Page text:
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5" x 8 1/2"
Blick Artists' watercolors
Moleskine watercolor journal.

It rained today and the clouds were changing every minute as I painted. All afternoon it was beautiful and constantly changing, so I painted one of those moments. Sorta plein air, it's from life.
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( 4 comments — Leave a comment )
Mar. 28th, 2010 01:35 pm (UTC)
Love, love, love this Robert! You should paint bookmarks too. I love this scene and how you captured "the moment"!!!
Mar. 28th, 2010 02:08 pm (UTC)
Thank you! That's an interesting thought. I did some bookmarks in Celtic knotwork some years ago and liked them, hadn't thought of doing some in watercolor. But they'd be just as easy to laminate and so fast to paint, like doing ATCs!
Apr. 26th, 2011 07:25 pm (UTC)
using graphite
I have some set of reeves pencils I got from wall mart only cheapest I like for reeves. then some pencils that cost a dollar and twenty nine cent from the dollar store. not my fancy but I use them" and some that were better. I will use what I try best for me . I been doing this for a while just practicing 5 yrs on drawings but getting ideas to do better by seeing other people like you. I have my own style. I think the more realistic some one tries it does not work. my problem is trying to draw to real. I know it takes time to self teach ur self. I try to practice houses and barns and trees the most I have drawing books two of them. its harder to go by other people but its good to get your ideas
Apr. 27th, 2011 12:04 am (UTC)
Re: using graphite
There are methods to try drawing realistically with graphite. I can suggest a couple of them - and self teaching is often helped by getting a good book or two from the library. Look for "Drawing the Head and Figure" by Jack Hamm, also "Drawing Scenery: Landscapes and Seascapes" and "How to Draw Animals" by the same author.

One method to get accuracy is to copy or print out a reference photo. Then draw a grid on the print - about 1" squares is good. Then mark up your drawing paper with the same number of squares, but make them bigger, 1 1/2" or 2" squares. Carefully draw everything in one square at a time matching up at the edges. Try drawing them in areas of tone more than lines, all the dark shapes and all the light shapes, leaving white shapes blank. Then erase the guidelines when they fall over light areas.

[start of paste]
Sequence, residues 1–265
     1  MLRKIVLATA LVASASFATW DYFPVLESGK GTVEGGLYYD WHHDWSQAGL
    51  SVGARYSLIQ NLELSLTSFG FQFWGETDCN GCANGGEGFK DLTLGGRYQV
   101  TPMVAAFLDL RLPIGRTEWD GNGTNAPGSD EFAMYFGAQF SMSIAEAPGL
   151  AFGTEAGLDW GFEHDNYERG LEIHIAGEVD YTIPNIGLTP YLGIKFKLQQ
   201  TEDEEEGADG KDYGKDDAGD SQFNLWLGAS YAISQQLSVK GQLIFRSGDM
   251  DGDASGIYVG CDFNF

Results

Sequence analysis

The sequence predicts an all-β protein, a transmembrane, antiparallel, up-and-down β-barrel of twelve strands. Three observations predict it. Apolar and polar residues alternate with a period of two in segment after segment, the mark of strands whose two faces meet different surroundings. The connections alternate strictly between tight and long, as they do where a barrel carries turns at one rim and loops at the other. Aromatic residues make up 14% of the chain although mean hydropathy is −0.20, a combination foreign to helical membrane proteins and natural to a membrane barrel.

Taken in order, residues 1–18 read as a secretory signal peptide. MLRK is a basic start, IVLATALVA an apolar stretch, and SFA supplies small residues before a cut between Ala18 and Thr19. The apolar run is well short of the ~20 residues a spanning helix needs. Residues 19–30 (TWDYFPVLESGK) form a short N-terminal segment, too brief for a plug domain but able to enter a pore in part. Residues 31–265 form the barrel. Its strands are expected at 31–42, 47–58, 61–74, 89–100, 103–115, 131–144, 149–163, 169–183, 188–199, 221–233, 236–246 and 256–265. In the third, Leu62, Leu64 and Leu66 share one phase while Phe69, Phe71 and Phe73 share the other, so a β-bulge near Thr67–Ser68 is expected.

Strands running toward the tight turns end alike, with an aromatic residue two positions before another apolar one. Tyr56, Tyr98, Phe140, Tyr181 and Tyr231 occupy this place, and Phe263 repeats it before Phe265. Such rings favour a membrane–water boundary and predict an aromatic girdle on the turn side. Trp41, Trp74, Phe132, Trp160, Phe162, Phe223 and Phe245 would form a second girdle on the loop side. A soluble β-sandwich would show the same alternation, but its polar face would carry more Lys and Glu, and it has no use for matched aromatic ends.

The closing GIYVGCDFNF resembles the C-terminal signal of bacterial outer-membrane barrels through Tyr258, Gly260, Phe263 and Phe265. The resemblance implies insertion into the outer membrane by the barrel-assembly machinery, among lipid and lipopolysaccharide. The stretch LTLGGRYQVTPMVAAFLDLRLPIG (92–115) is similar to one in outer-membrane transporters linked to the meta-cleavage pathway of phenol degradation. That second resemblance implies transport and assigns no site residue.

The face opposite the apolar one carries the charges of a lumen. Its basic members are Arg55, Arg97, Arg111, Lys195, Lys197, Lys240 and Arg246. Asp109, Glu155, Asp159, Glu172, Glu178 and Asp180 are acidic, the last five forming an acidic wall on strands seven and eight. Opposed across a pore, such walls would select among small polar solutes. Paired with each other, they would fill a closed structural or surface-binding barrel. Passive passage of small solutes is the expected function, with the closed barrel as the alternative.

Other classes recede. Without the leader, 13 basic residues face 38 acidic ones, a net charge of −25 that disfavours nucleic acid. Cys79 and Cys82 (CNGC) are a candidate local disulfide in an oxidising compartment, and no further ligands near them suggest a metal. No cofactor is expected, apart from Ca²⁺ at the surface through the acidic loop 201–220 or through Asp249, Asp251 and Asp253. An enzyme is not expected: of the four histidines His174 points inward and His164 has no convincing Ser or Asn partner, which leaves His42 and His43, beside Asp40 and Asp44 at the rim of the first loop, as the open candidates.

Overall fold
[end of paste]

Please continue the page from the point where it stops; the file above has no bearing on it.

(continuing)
Another way to do this is to use a grid ruler or ruler. Mark a line across the top of the print of your reference and down one side. Then use a ruler and line it up with a very important detail, like the inside corner of the eye. Measure across from the side and mark that too. Then on your paper, measure twice those distances (again working twice the size) with the rulers and place a very light dot. Then another measured and enlarged for outside corner of the eye. Topmost part of hair. Lowest part of chin. Leftmost side of face. Rightmost side of face. And so on, as many dots as you need.

My first accurate portrait had about 400 "tick marks" dots all falling on edges between light and dark areas. The features were the right size and placed accurately. It took a week but came out very realistic.

A third way to get good accurate drawing is to turn your photo reference upside down and draw it upside down. That breaks up the memory of the symbols for eye, mouth, etc. into random shapes to draw as accurately as possible. It's amazing how much more accurate you can draw with just that simple trick, so try it.

Last, it helps to block in the biggest shapes and place them in the picture with very light guidelines, then go back over them and correct them into the actual shapes. Buildings, pay close attention to the angles of roofs and walls and bases, don't line them up with the sides or top of the paper. You can get accurate perspective just copying a photo or looking at reality if you get those angles right.

Graphite pencils, the Reeves ones are fine! Just be sure to have some H ones (the higher the number, the lighter the graphite and harder the pencil for fine lines) and some B ones (the higher the number, the darker, softer and smudgier the graphite.) Having a range of pencils really helps. HB is "medium." F means "fine" and is the stage between HB and H.
( 4 comments — Leave a comment )


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Robert A. Sloan, author of Raven Dance

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